"Mr. Write" could be a likable romantic comedy if it didn't get its milieu and characters so wrong. Set in the oft-satirized world of American advertising, this is a sort of low-budget "Hudsucker Proxy," where modest goals and limited resources would not automatically be vices if they were connected to more inspired material.
“Mr. Write” could be a likable romantic comedy if it didn’t get its milieu and characters so wrong. Set in the oft-satirized world of American advertising, this is a sort of low-budget “Hudsucker Proxy,” where modest goals and limited resources would not automatically be vices if they were connected to more inspired material. With an abundance of familiar TV faces, including “Mad About You” star Paul Reiser as an aspiring writer and would-be paramour of former “One Life to Live” soaper Jessica Tuck, “Mr. Write” should go quickly to video, where its quiet virtues and Reiser’s recognition factor may make it an OK choice for a stay-at-home date night.
Tale involves aspiring scribe Charlie (Reiser), whose dead-end writing career leads him to try his hand at acting in commercials. Predictably, the world of commercials is a comic mine field, filled with dancing snack foods, a bossy director (Wendie Jo Sperber) and a beautiful ad exec Nicole (Tuck), who first spars with Charlie, leading, naturally, to true love. Stock obstacles are Nicole’s dimwitted outdoorsman b.f. Roger (Doug Davidson) and smarmy junk-food titan father (Martin Mull), and by fade-out romance has triumphed, Charlie has rejuvenated his dead writing career, and Nicole has climbed out of her father’s domineering shadow. Had screenwriter Howard J. Morris, working from his own play, drawn his portraits more sharply and displayed any ear or eye for the commercial production field, “Mr. Write” might have become the fast-paced, frenetic good time that director Charlie Loventhal obviously envisioned.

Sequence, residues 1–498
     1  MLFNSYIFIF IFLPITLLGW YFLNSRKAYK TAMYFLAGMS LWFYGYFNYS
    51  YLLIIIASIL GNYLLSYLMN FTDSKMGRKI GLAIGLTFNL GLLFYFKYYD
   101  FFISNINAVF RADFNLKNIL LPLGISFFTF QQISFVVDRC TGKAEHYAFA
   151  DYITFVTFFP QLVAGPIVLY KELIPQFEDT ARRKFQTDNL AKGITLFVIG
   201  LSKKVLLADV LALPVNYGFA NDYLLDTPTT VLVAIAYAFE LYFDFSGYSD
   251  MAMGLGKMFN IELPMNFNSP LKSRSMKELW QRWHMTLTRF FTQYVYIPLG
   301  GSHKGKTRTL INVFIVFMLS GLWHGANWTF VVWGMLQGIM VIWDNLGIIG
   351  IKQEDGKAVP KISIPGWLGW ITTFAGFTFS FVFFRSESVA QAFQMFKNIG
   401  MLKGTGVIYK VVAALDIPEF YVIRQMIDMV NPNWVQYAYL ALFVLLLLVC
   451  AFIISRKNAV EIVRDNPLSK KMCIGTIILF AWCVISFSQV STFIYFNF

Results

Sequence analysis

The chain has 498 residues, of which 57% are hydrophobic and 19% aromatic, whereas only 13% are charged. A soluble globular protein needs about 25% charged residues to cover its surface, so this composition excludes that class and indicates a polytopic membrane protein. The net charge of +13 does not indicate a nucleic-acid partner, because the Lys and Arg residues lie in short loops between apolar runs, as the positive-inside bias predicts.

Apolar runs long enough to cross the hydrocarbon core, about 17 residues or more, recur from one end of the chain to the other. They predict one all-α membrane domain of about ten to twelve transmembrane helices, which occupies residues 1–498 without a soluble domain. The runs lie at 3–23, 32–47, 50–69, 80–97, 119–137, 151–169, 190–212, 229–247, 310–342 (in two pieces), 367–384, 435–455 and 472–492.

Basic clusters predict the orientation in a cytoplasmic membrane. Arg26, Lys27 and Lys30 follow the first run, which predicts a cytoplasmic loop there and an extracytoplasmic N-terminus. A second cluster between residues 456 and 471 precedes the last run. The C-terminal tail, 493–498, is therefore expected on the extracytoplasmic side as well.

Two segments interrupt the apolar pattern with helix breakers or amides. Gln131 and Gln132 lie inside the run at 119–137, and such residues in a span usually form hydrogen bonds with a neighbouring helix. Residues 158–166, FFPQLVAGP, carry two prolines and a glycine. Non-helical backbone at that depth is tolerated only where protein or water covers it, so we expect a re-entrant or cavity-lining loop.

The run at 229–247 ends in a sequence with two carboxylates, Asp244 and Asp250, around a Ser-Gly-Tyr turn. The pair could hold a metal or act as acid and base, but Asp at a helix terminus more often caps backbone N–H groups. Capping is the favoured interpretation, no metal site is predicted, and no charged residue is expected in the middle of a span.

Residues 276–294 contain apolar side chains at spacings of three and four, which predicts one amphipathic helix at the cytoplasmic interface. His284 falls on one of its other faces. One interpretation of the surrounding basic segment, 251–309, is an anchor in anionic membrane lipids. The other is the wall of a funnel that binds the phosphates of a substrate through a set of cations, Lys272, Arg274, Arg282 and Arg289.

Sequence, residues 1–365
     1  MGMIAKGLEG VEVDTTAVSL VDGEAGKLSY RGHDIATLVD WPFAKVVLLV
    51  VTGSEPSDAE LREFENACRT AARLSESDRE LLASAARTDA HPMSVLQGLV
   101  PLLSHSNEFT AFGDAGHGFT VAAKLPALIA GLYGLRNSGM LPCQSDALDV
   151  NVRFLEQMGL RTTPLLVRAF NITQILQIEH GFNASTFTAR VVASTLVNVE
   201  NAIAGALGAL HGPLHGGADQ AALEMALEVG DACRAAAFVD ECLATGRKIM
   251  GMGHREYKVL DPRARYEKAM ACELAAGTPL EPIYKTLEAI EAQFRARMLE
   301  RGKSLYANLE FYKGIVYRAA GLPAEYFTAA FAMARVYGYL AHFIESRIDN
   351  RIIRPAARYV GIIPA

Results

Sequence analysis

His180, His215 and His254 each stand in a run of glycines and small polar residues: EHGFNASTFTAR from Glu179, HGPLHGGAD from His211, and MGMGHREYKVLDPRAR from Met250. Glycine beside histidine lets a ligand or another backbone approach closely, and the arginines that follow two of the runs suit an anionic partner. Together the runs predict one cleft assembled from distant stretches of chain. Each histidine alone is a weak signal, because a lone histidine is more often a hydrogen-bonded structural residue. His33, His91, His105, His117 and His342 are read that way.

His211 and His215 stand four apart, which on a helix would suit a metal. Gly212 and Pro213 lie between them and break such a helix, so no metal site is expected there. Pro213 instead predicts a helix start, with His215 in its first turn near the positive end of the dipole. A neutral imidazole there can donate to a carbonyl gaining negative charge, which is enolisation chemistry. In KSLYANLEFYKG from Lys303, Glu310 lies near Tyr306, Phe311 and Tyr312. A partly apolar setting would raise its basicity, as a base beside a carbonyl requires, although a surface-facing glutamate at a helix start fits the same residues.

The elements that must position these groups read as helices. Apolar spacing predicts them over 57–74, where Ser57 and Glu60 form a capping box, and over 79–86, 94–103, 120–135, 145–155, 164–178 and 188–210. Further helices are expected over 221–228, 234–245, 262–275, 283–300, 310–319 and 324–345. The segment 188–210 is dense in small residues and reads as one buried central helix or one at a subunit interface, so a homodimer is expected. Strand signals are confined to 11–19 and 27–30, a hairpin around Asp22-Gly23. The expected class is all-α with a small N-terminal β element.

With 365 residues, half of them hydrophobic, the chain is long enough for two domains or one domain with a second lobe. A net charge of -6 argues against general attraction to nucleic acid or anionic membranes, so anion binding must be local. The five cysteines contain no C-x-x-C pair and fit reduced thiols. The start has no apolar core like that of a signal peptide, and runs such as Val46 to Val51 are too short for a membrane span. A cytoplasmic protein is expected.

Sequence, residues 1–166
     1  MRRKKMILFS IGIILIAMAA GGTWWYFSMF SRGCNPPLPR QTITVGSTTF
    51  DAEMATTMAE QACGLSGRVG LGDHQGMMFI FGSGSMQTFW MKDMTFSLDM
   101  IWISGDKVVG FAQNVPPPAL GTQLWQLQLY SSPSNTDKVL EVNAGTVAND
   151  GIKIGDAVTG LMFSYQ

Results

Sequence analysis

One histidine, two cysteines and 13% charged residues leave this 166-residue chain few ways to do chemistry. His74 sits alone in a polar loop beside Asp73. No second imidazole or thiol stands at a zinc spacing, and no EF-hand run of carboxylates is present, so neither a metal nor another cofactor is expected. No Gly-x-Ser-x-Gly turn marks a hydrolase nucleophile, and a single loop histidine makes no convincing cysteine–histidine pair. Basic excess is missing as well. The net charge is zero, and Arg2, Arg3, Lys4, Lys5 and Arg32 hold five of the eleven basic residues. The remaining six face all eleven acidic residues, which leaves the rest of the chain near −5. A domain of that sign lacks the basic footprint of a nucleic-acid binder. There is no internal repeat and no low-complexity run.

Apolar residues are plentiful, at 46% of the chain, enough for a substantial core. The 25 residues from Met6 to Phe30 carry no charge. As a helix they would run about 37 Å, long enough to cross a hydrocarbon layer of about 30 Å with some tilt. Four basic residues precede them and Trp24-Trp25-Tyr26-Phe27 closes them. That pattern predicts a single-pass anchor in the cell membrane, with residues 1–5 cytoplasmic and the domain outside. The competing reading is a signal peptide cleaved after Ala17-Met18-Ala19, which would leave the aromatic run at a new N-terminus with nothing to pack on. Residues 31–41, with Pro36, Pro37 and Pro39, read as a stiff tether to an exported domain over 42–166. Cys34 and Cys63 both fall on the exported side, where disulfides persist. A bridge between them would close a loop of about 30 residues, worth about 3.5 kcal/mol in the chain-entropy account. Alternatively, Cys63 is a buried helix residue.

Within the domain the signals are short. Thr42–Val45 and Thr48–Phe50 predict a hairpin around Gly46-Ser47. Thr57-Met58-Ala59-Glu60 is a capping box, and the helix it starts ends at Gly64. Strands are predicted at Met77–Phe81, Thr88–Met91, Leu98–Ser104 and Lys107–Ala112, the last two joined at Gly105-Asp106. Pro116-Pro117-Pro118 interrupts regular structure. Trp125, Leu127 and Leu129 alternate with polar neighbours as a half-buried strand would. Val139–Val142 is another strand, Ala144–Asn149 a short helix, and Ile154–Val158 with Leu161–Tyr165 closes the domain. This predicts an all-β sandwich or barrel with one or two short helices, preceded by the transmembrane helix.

Loventhal, whose “The First Time” and “My Demon Lover” showed a promising comic talent, has a sure hand with his performers, and some of this film’s nicest moments occur in the margins. such as a security guard reading the Economist, or a bimbo who’s a fan of Pirandello. What’s missing are characters capable of engaging a bigscreen audience. As hard as Reiser and Tuck try to infuse the film with sincerity and emotion, their one-dimensional, cliched roles undo their work. Add supporting performers to the list of untapped assets — notable “if-onlys” being comic Tom Wilson, as Charlie’s scheming lawyer buddy, and soap star Davidson, as Nicole’s eco-fanatic beau. The usually reliable Mull also has little to do, and David Letterman foil Calvert De Forest turns in a pointless one-joke performance.
Aside from a few occasional flashes of wit, and Reiser’s warm, good-natured lead turn, pic doesn’t distinguish itself from the regular TV programming that its leads normally call home.
Nicole - Jessica Tuck
Roger - Doug Davidson
Wylie - Jane Leeves
Mr. Rhett - Calvert De Forest
Shelly - Gigi Rice
Dad - Eddie Barth
Roz - Wendie Jo Sperber
Lawrence - Darryl M. Bell
Billy - Tom Wilson
Dan - Martin Mull